Impact of COVID-19

Analysis of the impact of COVID-19 on the activities and staffing of organisations reporting to the OSR and nKPI collections is complex because:

  • the data cover periods outside of the pandemic and cannot be disaggregated into those prior to and during the pandemic, for example:
    • the 2019–20 OSR collection covers the period 1 July 2019–30 June 2020, and only the months between March and June 2020 overlap with the pandemic
    • the June 2020 nKPI collection covers various periods, depending on the indicator, and uses the regular client definition (that is 3 visits within 2 years, noting some or all visits may have occurred before the pandemic)
  • some variation in results over time are normal.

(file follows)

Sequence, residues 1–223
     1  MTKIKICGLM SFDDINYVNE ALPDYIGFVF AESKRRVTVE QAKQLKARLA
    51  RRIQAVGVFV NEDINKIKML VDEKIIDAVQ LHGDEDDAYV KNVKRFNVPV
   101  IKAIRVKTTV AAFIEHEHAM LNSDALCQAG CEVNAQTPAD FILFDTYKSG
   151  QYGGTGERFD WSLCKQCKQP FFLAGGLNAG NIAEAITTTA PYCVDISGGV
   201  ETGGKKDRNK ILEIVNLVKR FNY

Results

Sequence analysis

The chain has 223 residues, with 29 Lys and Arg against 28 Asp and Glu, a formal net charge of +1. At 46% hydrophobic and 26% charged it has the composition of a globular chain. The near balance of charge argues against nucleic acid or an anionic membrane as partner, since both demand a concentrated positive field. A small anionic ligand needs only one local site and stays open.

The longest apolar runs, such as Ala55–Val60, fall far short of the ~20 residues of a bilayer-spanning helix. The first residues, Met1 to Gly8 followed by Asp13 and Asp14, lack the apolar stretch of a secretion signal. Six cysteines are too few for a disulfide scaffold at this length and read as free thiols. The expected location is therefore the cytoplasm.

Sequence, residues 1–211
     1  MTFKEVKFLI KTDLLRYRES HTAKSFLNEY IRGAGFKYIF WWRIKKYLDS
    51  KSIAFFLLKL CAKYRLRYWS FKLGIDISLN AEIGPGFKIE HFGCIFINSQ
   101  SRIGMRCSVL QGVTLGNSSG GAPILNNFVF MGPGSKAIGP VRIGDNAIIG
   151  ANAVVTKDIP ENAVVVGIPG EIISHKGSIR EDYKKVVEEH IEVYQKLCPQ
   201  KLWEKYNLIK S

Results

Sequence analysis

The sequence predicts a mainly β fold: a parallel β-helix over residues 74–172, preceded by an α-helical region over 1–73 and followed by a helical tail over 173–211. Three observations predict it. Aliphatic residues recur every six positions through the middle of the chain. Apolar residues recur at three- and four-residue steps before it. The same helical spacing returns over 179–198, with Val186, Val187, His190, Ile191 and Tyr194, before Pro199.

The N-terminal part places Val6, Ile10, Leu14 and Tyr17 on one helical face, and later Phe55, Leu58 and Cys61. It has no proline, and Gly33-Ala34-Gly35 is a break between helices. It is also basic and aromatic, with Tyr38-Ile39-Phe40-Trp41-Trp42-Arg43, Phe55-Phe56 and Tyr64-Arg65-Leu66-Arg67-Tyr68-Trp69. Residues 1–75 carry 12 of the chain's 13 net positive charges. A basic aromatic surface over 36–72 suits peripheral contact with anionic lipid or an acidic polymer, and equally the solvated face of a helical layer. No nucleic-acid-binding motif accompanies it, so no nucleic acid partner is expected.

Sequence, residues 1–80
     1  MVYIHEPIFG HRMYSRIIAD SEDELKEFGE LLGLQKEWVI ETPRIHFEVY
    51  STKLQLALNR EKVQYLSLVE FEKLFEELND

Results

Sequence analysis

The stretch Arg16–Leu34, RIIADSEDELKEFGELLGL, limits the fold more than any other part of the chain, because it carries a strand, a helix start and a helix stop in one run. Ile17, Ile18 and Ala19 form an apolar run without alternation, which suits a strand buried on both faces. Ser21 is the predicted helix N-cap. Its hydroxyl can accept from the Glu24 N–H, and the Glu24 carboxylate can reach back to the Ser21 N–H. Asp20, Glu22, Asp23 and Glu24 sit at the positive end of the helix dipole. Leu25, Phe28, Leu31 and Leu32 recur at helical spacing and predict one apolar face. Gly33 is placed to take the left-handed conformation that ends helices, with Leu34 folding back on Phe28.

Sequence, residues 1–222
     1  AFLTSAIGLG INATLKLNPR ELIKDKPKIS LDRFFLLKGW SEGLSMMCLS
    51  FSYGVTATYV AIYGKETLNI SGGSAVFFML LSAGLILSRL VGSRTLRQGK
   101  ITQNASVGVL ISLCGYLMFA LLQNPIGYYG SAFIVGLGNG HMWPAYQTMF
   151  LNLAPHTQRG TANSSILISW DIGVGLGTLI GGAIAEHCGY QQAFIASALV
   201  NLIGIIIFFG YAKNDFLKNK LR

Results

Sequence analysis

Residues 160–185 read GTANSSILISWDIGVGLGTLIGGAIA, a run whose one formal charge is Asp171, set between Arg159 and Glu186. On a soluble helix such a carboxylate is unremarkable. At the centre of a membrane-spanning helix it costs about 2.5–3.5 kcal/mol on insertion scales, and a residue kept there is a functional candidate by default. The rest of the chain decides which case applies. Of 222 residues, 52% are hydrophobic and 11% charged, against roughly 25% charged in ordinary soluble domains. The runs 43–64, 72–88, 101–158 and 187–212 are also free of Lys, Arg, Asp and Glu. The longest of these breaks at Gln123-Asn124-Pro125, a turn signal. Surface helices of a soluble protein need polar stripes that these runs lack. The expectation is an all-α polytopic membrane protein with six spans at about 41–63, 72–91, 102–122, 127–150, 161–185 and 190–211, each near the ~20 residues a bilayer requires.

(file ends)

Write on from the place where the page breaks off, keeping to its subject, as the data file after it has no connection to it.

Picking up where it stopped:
However, by looking at the comments organisations include in the OSR to explain variations in their data (recorded for those with a 20% or more increase or decrease between periods), some analysis can be done on how often COVID-19 was cited as an explanation for variations in client numbers, client contacts, episodes of care, and FTEs.

To do this:

  • Because not all services submit OSR data every year, a dataset was created using the 196 organisations that reported in 2019–20 and refined to only include those organisations who also reported in each of the financial years 2017–18 and 2018–19. The resulting dataset contained 157 organisations.